Monday, October 22, 2012

Women's Suffrage in Norway, 1905

While doing research for Oleanna, I was so pleased to find this book by Sylvia Paletschek and Bianka Pietrow-Ennker, Women's Emancipation Movements in the Nineteenth Century: A European Perspective (Stanford University Press, 2004).

The women's suffrage movement in Norway can be seen as a kind of natural extension of the largely agrarian society. From Patelschek and Pietrow-Ennker:
"The last few decades of the nineteenth century saw a growing protest against the strictly gender-divided society of the urban middle class. In agrarian and working-class life, women and men often worked side by side and took part in the same leisure activities."
Oleanna and Elisabeth, I think unconsciously, assumed a kind of equality in their relationships with men--everyone has to work hard, everyone has to pull their weight. Oleanna was surprised by the gender divides she saw when she visited Bergen.
"But in the urban middle classes, femininity was circumscribed by many taboos…For a woman to enter a restaurant, even a fashionable one, without male company, not to speak of smoking cigarettes or drinking alcohol, was deemed very dubious behavior."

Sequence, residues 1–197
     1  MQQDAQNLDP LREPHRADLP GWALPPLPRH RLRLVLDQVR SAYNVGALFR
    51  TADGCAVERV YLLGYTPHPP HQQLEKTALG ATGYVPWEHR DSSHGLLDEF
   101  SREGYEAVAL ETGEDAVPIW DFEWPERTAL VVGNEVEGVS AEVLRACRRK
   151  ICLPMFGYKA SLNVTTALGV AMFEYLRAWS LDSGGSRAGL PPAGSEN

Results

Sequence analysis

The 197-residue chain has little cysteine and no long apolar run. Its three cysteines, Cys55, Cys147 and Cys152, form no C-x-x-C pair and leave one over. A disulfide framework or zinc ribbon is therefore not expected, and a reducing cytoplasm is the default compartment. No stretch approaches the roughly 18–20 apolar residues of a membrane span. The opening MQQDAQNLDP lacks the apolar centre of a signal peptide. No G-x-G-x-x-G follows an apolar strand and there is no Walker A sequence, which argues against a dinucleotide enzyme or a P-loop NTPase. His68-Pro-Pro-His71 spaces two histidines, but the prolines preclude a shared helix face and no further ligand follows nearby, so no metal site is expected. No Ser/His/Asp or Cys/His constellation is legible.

That said, across the social strata, "...the younger generation wanted husbands who saw them as equal partners in marriage."

The push for suffrage in Norway was driven by urban middle-class women, I suspect largely because they did not enjoy the same kinds of social freedoms that their more agrarian sisters did. Plus, as Oleanna says to Anders many times, the world of politics was so far removed from the reality of her daily life, it was difficult for her to really connect the dots between suffrage and her own life and well-being.

The way the dots were connected for rural women was the 1905 dissolution of the union of Norway and Sweden. But before that could happen, the suffrage movement had to begin in earnest.